For Surgeons

GenG

Breast Reconstruction - The Whole Story

This article is reproduced with the permission of Medical Chronicle.

As practitioners in all fields of medicine, we are faced with medical aids on intensive cost-saving campaigns. As such, decision are often taken restricting certain operations, or parts of operations defeating the initial objective of the surgery. One such case is breast reconstruction, in particular, tissue expansion prosthetic breast reconstruction.

In recent years, reconstructive techniques and operations for post-mastectomy patients have improved tremendously. Flap techniques, including "TRAM" flaps (rectus abdominus muscle), latissimus dorsi flaps etc. have been improved with the advent of endoscopy; flap shaping donor site refinements, etc. However, the commonest for of reconstruction worldwide still remains tissue expansion and prosthetic reconstruction.

In my hands, in the correctly selected patients, the aesthetic outcome of this type of reconstruction is the most pleasing.

Flap reconstruction I reserve for patients who have had radiotherapy of other contra-indications to prosthetic reconstruction.

The heading of this article is breast reconstruction "the whole story" as many of the medical aids tends to focus on the mastectomy breast and completely ignore the opposite side. Breasts are paired organs and as such, reconstruction must involve the pair of breasts. Simply creating a mount of tissue in the 1990's is no longer acceptable as a reconstructive operation.

Consider the complete staged prosthetic reconstruction of the breast:

The first stage involves placement of a retropectoral tissue expander at the site of the mastectomied breast. My personal preference is to do this as a delayed procedure anywhere from 6 to 12 months after mastectomy. This allows time for adjuvant therapy to be given if necessary, for diligent follow-up and for scar tissue maturity to take place. One is often forced into immediate reconstruction - I believe the risk factors are higher in these cases.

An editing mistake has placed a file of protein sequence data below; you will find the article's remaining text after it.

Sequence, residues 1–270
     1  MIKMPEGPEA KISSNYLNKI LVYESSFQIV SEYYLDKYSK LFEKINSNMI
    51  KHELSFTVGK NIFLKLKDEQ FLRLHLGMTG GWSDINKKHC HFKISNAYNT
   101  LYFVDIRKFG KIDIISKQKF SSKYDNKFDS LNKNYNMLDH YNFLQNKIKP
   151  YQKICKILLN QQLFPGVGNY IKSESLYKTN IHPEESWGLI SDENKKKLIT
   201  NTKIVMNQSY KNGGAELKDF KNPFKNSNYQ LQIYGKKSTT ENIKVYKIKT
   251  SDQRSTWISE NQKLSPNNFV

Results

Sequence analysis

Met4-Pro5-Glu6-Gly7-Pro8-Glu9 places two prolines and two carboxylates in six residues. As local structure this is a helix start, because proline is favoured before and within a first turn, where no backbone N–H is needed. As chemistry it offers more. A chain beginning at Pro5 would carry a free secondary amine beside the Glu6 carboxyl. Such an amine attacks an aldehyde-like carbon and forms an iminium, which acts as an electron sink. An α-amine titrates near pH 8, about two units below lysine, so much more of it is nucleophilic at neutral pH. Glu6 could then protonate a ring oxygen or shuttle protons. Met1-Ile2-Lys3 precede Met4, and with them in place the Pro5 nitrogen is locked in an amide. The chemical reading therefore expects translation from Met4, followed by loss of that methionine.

The tissue expander is an empty silicone bag attached by a tube to a valve - this valve is placed in an easily accessible subcutaneous pocket usually on the lateral chest wall. Starting approximately 2 weeks later, expansion takes place percutaneously via the valve, at weekly intervals.

Management of the opposite breast is the focus of this article. Ignoring the status of this breast in relation to the reconstructed side is tantamount to doing half the reconstruction. A ptotic drooping or large breast is a complete mismatch with an expanded opposite breast.

Expansion results in a breast mound directly in the position of the expander as opposed it an outsized breast, or one with a nipple situated far below the axis of the opposite mound. In these cases the opposite breast should be reduced or lifted to achieve symmetry.

Concerning oncology principles, I have on at least one occasion isolated an undetected second carcinoma in the resected specimen of the opposite reduced breast. As far as mammographic follow-up in concerned, approximately one year later the scar tissue has stabilised enough to mammographically examine the breast. During the first year, it should be possible to distinguish cancer from the expected scar tissue or fat necrosis accompanying surgery.

The opposite breast may occasionally need augmentation/enlargement to match the reconstructed side as the expander fills the upper pole of the breast considerably . Augmentation involves placement of the prosthesis retropectorally in the opposite breast.

Following expansion, the next stage in reconstruction involves the removal of the expander and its replacement with a definitive prosthesis.

The nipple areola reconstruction is often done as a final stage. Of late, however, I have been happy to combine this step with the second stage, limiting complete reconstruction to just two stages.

As with other

13 November 2004